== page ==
Figure D-6 shows the response characteristics of the dispersion relation defined by equation (D-30). Note the semicircular wavefronts in the y − z plane and the hyperbolic traveltime curves in the y − t plane. Compare these with the response of the complete DSR operator for the nonzero-offset case in Figure D-5. The equations for the wavefront and traveltime trajectories are derived in Section D.2 using stationary phase approximations.

D.2 Stationary phase approximations

In this section, we shall use the method of stationary phase to derive the traveltime equation inferred by the double square root equation for nonzero-offset source-receiver separation. Consider the double square root operator defined by equation (D-22) with the wavenumbers Y and H defined by equations (D-21a,21b). We want to operate on the transformed wavefield P(ky, kh, z = 0, ω) with the DSR operator. Subsequent inverse Fourier transformation will yield the wavefield P(y, h, z, t):


(D-31)

where the total phase ϕ, normalized with respect to z, is given by


(D-32)

The main contribution to integration in equation (D-31) occurs when the phase stays nearly constant. We therefore determine the variation of the phase with respect to variables ky, kh, and ω


(D-33a)


(D-33b)

and


(D-33c)

and set each variation to zero. Substitute equation (D-32) and carry out the differentiations in equations (D-33a,33b,33c) to obtain


(D-34a)


(D-34b)

and


(D-34c)

where G and S are defined by equations (D-20a,D-20b).

Now, eliminate G and S amongst equations (D-34a,D-34b,D-34c) to get the final expression from stationary phase approximation to the double square root equation as


(D-35)

This is the equation of an ellipse in the y − z plane at constant t (Section E.5). Figure D-5 shows the elliptic wavefront and the table-top traveltime trajectory described by equation (D-35).

When equation (D-35) is specialized to the zero-offset case, h = 0, we obtain


(D-36)

which is a circle in the y − z plane at constant t and a hyperbola in the y − t plane at constant z. Figure D-6 shows the circular wavefront and the hyperbolic traveltime trajectory described by equation (D-36).

We now consider the stacking operator defined by equation (D-27). The total phase is given by


(D-37)

Differentiate equation (D-37) with respect to kh and ω and set the results to zero to obtain


(D-38a)

and


(D-38b)

Now, eliminate H between equations (D-38a) and (D-38b) to obtain the stationary phase approximation to the stacking operator:


(D-39a)

Define the zero-offset time as t0 = 2z/v and substitute into equation (D-39a) to get


(D-39b)

Finally, rearrange to get the equation for normal moveout:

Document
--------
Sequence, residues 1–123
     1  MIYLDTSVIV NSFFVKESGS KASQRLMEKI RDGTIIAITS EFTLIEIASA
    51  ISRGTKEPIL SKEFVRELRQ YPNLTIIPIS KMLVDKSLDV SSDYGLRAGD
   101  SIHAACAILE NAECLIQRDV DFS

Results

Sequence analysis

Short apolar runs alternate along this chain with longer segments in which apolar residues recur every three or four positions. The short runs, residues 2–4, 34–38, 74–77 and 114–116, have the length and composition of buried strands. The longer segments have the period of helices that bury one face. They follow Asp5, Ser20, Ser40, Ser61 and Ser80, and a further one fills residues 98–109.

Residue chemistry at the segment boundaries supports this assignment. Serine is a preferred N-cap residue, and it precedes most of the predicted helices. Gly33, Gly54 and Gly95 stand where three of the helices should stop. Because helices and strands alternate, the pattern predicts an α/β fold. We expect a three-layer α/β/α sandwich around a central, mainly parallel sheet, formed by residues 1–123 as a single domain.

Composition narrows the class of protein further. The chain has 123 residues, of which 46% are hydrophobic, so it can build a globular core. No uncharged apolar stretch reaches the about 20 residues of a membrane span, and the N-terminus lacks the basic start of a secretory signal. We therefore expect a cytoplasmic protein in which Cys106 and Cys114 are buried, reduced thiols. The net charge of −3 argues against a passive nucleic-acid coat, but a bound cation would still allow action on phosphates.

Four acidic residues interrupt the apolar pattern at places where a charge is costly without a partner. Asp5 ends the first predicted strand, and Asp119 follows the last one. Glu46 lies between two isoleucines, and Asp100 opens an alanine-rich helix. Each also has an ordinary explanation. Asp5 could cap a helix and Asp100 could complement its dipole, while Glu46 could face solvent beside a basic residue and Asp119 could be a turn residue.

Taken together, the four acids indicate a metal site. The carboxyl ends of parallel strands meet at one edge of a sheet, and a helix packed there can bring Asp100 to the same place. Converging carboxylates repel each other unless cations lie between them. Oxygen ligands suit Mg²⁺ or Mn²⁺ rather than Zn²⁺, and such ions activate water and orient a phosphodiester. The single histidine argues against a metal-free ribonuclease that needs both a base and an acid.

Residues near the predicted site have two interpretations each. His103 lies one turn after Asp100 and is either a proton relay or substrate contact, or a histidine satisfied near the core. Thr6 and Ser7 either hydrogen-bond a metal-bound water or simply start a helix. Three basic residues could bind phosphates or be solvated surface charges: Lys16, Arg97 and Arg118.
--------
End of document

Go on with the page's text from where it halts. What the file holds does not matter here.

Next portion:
(D-40)

where ΔtNMO = t − t0. This is the same equation as equation (3-2b) in the main text with offset defined as x = 2h.

D.3 The parabolic approximation

Start with the dispersion relation defined by equation (D-6) recast for the exploding reflectors model for which v is replaced with v/2 to obtain


(D-41)

Then apply Taylor series expansion and retain the first two terms:


(D-42a)

By simplifying, we get the dispersion relation associated with the parabolic equation


(D-42b)

By operating on the wavefield P(x, z, t) and replacing −ikzP with ∂P/∂z, we write the corresponding differential equation as


(D-43)

Derivation of equation (D-43) is based on the constant-velocity assumption. Nevertheless, just as we did for the 90-degree one-way wave equation (D-10), the 15-degree one-way wave-equation (D-43) can be recast using a vertically varying velocity function v(z). Going one step further, once equation (D-43) is inverse Fourier transformed from the horizontal wavenumber kx to the horizontal axis x, we will replace v(z) with a laterally varying velocity function v(x, z). Theoretically, this may not be permissible, but in practice, its validity is widely accepted.

The effect of translation is removed by retardation (Figure 4.1-18):


(D-44)

where generally is chosen to be a horizontal average of v(x, z). The time shift defined by equation (D-44) is equivalent to a phase shift in the frequency domain. Therefore, the actual wavefield P is related to the time-shifted wavefield Q by


(D-45)

By differentiating with respect to z, we get


(D-46)

Finally, by substituting equations (D-45) and (D-46) into equation (D-43), we obtain


(D-47a)

The first term on the right side of this equation is called the diffraction term and the second term is called the thin-lens term.

Consider the special case of The thin-lens term then vanishes and we are left with


(D-47b)

After inverse Fourier transforming, we obtain the parabolic differential equation


(D-48)

where, in practice, velocity can be varied horizontally as well as vertically.